Road near Kett’s Hill remains closed after sinkhole opens up

Plumstead Road, Norwich is closed after a large sink hole was discovered by contractors under the ro

Plumstead Road, Norwich is closed after a large sink hole was discovered by contractors under the road surface.PHOTO BY SIMON FINLAY - Credit: SIMON FINLAY

Investigations are continuing today after a sinkhole large enough to swallow a small car was discovered.

Plumstead Road, Norwich is closed after a large sink hole was discovered by contractors under the ro

Plumstead Road, Norwich is closed after a large sink hole was discovered by contractors under the road surface.PHOTO BY SIMON FINLAY - Credit: SIMON FINLAY

The six-metre-deep cavern was found underneath Plumstead Road, near Kett's Hill, last night by telecoms engineers.

It resulted in an overnight road closure by police due to the risk it posed to passing motorists and remains closed today.

Bus services will be diverted.

It is the latest in a series of sinkholes and collapses around the city over the years - with the most famous being the 'bus in a hole' in Earlham Road in 1988.

Telecoms contract manager Ben Foot, who was working at the scene, said his team first discovered the hole on Tuesday.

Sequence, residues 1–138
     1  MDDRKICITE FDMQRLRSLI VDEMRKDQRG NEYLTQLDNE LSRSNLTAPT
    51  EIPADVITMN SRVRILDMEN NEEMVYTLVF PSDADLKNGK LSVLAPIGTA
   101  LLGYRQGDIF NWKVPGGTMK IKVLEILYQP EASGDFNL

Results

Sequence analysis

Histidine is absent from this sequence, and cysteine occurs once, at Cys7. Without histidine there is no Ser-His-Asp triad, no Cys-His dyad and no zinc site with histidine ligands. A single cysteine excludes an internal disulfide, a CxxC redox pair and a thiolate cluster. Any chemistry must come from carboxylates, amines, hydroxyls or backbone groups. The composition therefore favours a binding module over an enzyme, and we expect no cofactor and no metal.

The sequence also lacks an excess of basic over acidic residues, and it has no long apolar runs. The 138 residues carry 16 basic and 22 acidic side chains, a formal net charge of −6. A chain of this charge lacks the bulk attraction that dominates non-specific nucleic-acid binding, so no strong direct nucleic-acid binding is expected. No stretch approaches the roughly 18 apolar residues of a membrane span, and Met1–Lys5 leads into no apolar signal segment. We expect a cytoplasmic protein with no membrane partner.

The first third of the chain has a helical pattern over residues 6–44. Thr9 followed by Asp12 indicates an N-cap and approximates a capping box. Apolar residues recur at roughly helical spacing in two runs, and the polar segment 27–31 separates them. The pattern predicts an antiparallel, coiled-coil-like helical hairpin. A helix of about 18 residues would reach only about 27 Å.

'We have been monitoring it for the past couple of days and it was about half the size of what it is now.

Most Read

'If we left it any longer it would have just got bigger and bigger and it is only a matter of time before the whole thing goes [collapses].'

The cavern, which is around four metres wide, can be seen through a small hole made by the engineers.

Around a foot of road surfacing and soil is supporting the road in one section above sinkhole.

Mr Foot added: 'You can see there is a big crack down the footpath and that is all trying to slip down this hole. You could fit a Ford Fiesta in their now.'

The engineers, who had been working on upgrading the local communications network , notified police at around 8.45pm.

A fire crew was also called to the scene and cordon between Wellesley Avenue North and Bellsize Road was put in place.

An officer at the scene said it was likely to be closed throughout the night while highways engineers assess the damage.

Paul Cayley, health and safety executive for a communications company, said: 'We have a duty of care and we would rather have a road closure for a couple of days than a child falling down there and disappearing.'

Passerby Trish Cragg, 74, who lives on Honey Close, said: 'It is always a bit of a worry If a road could collapse. It is not the sort of thing you would expect.'